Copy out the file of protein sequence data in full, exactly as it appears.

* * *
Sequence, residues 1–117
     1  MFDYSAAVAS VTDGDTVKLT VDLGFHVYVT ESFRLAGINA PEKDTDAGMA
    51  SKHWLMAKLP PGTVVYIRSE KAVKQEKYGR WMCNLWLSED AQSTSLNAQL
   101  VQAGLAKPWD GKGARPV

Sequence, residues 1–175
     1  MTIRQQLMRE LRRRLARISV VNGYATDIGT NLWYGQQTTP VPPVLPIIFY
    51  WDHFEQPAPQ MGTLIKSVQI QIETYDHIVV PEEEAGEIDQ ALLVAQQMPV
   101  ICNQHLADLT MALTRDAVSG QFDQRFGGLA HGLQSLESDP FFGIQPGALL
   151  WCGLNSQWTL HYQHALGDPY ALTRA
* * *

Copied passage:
Sequence, residues 1–117
     1  MFDYSAAVAS VTDGDTVKLT VDLGFHVYVT ESFRLAGINA PEKDTDAGMA
    51  SKHWLMAKLP PGTVVYIRSE KAVKQEKYGR WMCNLWLSED AQSTSLNAQL
   101  VQAGLAKPWD GKGARPV

Sequence, residues 1–175
     1  MTIRQQLMRE LRRRLARISV VNGYATDIGT NLWYGQQTTP VPPVLPIIFY
    51  WDHFEQPAPQ MGTLIKSVQI QIETYDHIVV PEEEAGEIDQ ALLVAQQMPV
   101  ICNQHLADLT MALTRDAVSG QFDQRFGGLA HGLQSLESDP FFGIQPGALL
   151  WCGLNSQWTL HYQHALGDPY ALTRA